I was having a truly lovely evening, hot chocolate in hand, paging through the New York State vaccination dashboard until I realized one glaring absence: Why is there no occupational data for who is getting vaccinated?
This isn’t just a problem with the New York state dashboard. According to our updated annotations on state vaccination data sources, not a single one reports out vaccination by occupation. I suppose I shouldn’t ask for so much—only 36 states report vaccination by race and ethnicity, which I thought was the bare minimum—but I’m used to getting disappointment at this point.
Nihilism aside, here’s why that’s weird. Pretty much everyone is considering one’s occupation into whether they’re eligible for the vaccine or not—hell, that’s how this whole thing started after all. But now that we’ve moved beyond just health care workers getting vaccinated, the data hasn’t kept up.
For example, NYC has included “in-person college instructors” in eligibility for the vaccine since January 11. Wouldn’t it be nice to know just how many in-person professors have gotten vaccinated? It’d sure be helpful if Barnard ever decides to do in-person classes again. Or what about taxi drivers? Again in NYC, because that’s where I live, they became eligible for vaccination on February 2. From a personal standpoint, I’d like to know if I could send my taxi driver to the hospital if my mask slips.
To be fair, we are seeing some occupation-adjacent data. First, a few sources group vaccinations by where the shots were given, like Massachusetts, or by provider type, like Utah. These include shots given in correctional facilities. While it’s not as good as just stating outright which occupations people getting vaccinated have, it could be used as a proxy for something similar. Additionally, New York tracks hospital worker vaccinations, but they don’t differentiate between physicians and other staff. Finally, long-term care facilities are going through a different program, so data for LTC employees usually gets its own category in a lot of states, like in New York again.
But we shouldn’t be satisfied with proxies and incomplete data; I’ve realized my worth since drafting the title for this segment. I—no, we—deserve better. This is critical for understanding vaccine equity and how close we are to restoring “normalcy.” If we don’t know how many taxi drivers or how many college instructors are getting vaccinated, it’s going to be a lot harder to have conversations about when it’s safe to ride in a taxi or attend in-person classes. It’s going to be a lot harder to have conversations about which taxi drivers or which instructors are able to get vaccinated. It’s also important to see just how well pushing taxi drivers to the front of the line works in actually getting them vaccinated. We’ve lifted one barrier, but are there others that we’re missing?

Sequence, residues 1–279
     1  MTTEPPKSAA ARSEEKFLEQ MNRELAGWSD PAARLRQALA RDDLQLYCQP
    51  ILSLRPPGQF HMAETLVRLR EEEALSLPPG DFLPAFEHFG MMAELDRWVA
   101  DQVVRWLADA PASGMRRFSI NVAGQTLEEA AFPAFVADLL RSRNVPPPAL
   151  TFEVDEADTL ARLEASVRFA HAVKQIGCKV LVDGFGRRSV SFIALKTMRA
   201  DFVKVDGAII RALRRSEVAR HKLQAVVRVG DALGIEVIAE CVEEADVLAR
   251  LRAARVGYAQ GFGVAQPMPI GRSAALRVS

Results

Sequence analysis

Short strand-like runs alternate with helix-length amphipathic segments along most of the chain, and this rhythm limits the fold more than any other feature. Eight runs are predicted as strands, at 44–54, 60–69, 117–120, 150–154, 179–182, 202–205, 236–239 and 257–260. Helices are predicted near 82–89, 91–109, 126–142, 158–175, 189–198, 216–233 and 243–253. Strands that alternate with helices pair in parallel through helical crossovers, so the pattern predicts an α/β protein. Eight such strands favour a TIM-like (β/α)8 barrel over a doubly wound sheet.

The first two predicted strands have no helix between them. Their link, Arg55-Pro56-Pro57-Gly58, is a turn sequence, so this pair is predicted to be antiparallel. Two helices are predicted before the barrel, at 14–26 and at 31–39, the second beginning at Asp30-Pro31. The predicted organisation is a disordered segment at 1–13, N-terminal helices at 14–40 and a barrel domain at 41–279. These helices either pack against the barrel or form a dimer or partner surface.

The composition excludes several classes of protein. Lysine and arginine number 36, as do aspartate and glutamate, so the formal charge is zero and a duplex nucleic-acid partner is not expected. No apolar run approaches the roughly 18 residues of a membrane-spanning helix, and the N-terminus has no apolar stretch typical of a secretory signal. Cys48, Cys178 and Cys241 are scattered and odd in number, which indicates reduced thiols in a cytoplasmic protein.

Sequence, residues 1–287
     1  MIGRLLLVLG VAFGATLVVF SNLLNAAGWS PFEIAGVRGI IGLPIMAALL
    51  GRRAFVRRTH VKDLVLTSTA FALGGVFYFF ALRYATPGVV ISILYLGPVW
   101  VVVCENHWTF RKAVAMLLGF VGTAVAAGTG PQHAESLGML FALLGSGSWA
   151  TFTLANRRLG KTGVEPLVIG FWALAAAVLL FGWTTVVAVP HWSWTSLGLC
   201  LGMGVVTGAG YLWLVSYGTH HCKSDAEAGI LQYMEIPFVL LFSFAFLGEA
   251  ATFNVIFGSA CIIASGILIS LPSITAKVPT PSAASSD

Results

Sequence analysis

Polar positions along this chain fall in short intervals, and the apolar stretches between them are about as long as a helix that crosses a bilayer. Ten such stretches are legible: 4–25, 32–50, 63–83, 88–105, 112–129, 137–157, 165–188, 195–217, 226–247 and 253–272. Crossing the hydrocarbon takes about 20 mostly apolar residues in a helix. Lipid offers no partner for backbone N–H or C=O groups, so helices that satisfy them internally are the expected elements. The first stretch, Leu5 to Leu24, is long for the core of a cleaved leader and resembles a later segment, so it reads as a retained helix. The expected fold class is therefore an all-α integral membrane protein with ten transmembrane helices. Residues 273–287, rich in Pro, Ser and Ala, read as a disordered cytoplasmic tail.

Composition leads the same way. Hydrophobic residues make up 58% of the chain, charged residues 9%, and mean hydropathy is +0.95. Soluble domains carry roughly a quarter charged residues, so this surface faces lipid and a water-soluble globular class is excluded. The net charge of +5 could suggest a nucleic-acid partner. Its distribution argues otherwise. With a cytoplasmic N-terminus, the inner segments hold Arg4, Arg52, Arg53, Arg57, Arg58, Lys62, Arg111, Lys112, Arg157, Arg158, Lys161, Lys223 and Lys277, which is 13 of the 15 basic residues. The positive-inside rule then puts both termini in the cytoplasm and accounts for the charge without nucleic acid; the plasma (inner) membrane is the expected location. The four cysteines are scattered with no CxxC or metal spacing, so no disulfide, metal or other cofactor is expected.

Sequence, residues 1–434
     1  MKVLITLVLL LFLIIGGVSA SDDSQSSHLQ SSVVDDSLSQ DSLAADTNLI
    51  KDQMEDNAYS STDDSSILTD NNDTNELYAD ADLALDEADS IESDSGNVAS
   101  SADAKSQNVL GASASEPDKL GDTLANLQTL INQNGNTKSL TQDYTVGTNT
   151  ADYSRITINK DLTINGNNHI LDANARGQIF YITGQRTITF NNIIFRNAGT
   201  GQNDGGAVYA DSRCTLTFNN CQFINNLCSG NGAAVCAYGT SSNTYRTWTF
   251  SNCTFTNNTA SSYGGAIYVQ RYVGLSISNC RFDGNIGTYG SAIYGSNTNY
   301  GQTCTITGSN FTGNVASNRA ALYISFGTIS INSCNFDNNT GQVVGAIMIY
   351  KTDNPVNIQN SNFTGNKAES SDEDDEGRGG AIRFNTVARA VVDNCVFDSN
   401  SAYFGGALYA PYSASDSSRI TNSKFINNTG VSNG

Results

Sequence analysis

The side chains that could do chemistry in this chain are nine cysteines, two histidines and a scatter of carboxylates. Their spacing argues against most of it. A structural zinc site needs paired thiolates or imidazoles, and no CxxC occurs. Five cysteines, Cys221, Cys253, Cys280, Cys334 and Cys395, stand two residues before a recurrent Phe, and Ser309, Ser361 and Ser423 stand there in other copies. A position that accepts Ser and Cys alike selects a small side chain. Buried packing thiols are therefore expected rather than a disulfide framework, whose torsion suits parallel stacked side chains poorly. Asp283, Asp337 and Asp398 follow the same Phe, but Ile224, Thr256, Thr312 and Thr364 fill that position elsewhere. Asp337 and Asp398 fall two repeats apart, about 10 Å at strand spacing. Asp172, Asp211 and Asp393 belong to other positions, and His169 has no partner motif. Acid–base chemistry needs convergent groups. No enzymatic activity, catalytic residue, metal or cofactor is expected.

It’s entirely possible that healthcare providers just aren’t used to collecting this kind of data. But it’s still necessary, and right now, it’s just another example of flying blind when we really shouldn’t be.
- COVID source shoutout: Unique vaccine metricsMost states report some variation on the same COVID-19 vaccination metrics: doses allocated, doses administered, state residents who’ve been partially and fully vaccinated, and so on. But some states go beyond those basics.
- J&J is back on the menuAfter 10 days, the pause on the J&J vaccine has been lifted. According to CDC Director Rochelle Walensky, there have been about 1.9 cases of severe blood clotting per million people who had received the J&J vaccine. It has been re-authorized for use in people aged 18 and older, now with an addendum to the label and fact sheet warning of the risk of blood clots.
- Community Profile Reports now have vaccination dataYou can now get vaccination numbers for U.S. states, counties, and metropolitan areas in an easily downloadable format: the Community Profile Reports published daily by the Department of Health and Human Services (HHS). These reports are basically the HHS’s one-stop shop for COVID-19 data, including information on cases, deaths, PCR tests, hospitalizations—and now, vaccines.
- How to talk about breakthrough casesA lot of journalists, especially those who aren’t familiar with the science/health beat, may be inclined to publish news of breakthrough cases as surprising or monumental. In fact, these cases—referring to a COVID-19 infection that occurs after someone has been fully vaccinated—are entirely normal, yet incredibly rare. But we still need to pursue data on them.